One maintains one’s sense of self by projecting onto others the affects that interfere with one’s sense of ability to act, such as any sense of inferiority and the anxiety it invokes. Off-loading anxiety increases the likelihood of joy for the off-loader. These affective judgments are, in turn, usually uploaded by the other. Whether it is done consciously or unconsciously, the typical interaction between a dominant and a subordinate is one where the dominant off-loads anxiety and the subordinate uploads that anxiety. Therefore, one’s status in society overdetermines how much anxiety one is likely to upload.

When uploading anxiety, one is driven by an intention that is not one’s own. The state of being subordinate is one in which one is more likely to show stress symptoms than others and less likely to have the opportunity to off-load. Further, affects have a cumulative effect. The fewer the negative aspects around one, the easier it is to resist them. The more there are, the harder it is to resist them.

Affect is a major site of struggle. Resistance is always a choice. Resistance begins with the ability to recognize, engage, and redirect affect. This ability is a core source of power. It is an ability that can be learned.

First, one must learn to note the arrival of an affect in order to understand its pathway. One does this through identifying and exploring impulses. Affect begins with an impulse. An impulse is both a sudden urge that prompts an unpremeditated act, and (over time) an inclination. If one follows one’s impulses without reflection, one will not be able to notice, much less change, the direction of the pathway. One can learn to have choice—to engage the impulse or to let it take one for a ride. There is a choice to be made between being active and passive, between choosing one’s behavior and unconsciously engaging in dominant/subordinate power interactions. It is worth noting that one may also consciously choose to engage in dominant/subordinate interactions for exploration, balance, and pleasure, as with those who practice bondage, domination, sadism, and masochism (BDSM).

The ability to resist affect also requires discernment, the ability to distinguish between one’s own feelings and another’s affect. Feelings are sensory states produced by thoughts and articulated in words. Awareness of sensory sensation and the ability to put those sensations into words are necessary for feelings. One’s feelings have a logic that one can discern. Affects, on the other hand, are interrupting thoughts — thoughts that come from one’s environment, as opposed to emanating from within, as feelings do. Discernment also helps one distinguish between the pleasurable and the painful, which helps one understand the difference between life-affirming and life-draining affects.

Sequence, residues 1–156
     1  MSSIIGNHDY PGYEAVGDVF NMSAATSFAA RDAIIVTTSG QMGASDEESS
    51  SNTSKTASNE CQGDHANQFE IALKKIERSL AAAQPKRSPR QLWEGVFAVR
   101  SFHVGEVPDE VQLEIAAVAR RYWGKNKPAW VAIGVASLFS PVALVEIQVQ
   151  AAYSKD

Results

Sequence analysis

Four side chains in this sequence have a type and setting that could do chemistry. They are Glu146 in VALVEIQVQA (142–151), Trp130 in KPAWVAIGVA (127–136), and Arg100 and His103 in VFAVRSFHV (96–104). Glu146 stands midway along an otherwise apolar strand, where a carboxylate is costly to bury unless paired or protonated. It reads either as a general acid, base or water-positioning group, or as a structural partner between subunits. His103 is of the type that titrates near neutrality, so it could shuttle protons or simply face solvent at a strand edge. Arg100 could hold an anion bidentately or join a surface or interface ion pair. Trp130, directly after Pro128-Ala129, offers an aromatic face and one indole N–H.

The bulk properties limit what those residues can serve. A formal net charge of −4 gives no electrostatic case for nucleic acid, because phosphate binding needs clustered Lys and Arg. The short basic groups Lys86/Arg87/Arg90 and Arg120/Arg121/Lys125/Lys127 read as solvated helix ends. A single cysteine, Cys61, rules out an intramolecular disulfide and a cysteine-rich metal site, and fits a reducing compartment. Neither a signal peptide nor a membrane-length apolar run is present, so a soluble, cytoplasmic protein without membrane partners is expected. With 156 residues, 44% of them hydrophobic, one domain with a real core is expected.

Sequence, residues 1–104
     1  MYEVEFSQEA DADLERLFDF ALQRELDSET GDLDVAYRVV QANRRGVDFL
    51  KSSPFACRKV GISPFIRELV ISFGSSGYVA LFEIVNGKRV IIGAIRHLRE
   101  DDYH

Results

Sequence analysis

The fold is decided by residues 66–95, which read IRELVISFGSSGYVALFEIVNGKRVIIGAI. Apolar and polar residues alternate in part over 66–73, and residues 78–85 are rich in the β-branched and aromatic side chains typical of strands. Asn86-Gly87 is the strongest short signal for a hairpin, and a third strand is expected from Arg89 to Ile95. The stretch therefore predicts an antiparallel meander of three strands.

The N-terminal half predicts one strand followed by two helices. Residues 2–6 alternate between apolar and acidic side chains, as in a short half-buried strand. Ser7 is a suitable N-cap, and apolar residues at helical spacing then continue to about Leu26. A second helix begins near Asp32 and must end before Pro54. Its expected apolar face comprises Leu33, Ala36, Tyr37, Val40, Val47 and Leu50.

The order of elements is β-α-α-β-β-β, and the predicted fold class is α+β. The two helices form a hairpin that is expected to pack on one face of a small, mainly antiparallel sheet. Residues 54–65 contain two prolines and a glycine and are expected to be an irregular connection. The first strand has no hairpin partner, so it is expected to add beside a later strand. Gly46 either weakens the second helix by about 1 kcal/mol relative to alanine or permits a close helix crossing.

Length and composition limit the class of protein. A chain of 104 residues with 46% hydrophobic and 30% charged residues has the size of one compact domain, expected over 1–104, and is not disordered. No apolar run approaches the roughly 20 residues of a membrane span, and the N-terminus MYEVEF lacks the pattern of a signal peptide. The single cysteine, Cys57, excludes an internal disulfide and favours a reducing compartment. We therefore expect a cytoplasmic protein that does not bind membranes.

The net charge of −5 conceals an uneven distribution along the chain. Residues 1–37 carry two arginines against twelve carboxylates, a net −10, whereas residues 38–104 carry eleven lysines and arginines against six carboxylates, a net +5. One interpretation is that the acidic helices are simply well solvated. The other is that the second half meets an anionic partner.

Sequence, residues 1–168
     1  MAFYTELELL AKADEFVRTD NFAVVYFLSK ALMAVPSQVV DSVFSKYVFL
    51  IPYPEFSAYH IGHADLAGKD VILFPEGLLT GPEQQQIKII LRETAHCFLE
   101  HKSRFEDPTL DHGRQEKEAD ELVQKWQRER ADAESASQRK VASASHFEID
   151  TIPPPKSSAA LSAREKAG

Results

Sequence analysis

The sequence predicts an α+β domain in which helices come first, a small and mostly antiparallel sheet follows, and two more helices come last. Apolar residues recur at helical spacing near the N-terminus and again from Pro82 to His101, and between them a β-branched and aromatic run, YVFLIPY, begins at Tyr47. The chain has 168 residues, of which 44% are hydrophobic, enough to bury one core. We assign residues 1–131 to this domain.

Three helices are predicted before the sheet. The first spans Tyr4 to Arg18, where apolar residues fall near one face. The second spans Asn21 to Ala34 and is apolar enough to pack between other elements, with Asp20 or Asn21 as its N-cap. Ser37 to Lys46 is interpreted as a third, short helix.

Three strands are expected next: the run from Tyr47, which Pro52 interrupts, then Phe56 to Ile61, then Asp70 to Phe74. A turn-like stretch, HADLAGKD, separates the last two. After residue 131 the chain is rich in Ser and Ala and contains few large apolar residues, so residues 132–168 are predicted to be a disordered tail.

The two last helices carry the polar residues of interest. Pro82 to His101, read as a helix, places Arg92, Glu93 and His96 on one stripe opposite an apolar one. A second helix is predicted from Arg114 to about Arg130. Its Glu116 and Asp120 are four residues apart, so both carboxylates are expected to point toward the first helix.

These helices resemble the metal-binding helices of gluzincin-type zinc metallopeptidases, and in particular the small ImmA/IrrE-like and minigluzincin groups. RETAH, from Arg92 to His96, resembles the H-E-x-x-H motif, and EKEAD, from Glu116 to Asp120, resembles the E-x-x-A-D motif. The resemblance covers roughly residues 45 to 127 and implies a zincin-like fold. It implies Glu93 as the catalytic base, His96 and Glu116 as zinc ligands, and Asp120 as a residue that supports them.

Finally, an affect can be overcome by a contrary, stronger affect. Overcoming another’s affect depends on one’s ability to focus one’s attention. One’s attention is the currency with which one purchases the life one wants. The practice of intentionally directing one’s affect is supported by the seven classical virtues. Virtues are a spiritual form of liberatory social codes.


1. Courage The strength to resist affect
2. Prudence The conservation of energy
3. Temperance The strength to resist directing negative affect
4. Justice Taking and giving what is appropriate
5. Hope The belief that the future can be better
6. Faith The assumption that one is the focus of a divine, loving intelligence
7. Love A unifying energy


Love reorders aggression. Therefore, negative affects can be deconstructed and reconstructed with love. To love, to resist domination, is to remove oneself from negative affect loops. There is no clearer path to freedom.

Freedom is the ability to be free of negative affects, one’s own and those of another. Living freely is refusing to take on another’s negative affect. Living responsibly is refusing to project negative affect onto others. Justice is taking no more affect than is appropriate for one’s actions and giving the affect that is appropriate for what one receives from another.

Finally, while social codes provide direction, the practices of discernment are comparison, recollection and memory, and detachment. At first one may redirect affect in retrospect, as one reflects over interactions, discerns what one brought to it and what the other did, and think about how one might interact differently in the future. Over time, one recognizes affect as it unfolds, which increases one’s chances at redirecting it. One learns to have choice in interactions.


1. What am I feeling?
2. Where did this feeling come from?
3. When did it start?
4. What was happening at the time?
5. How is it connected to past events?
6. What are my choices now?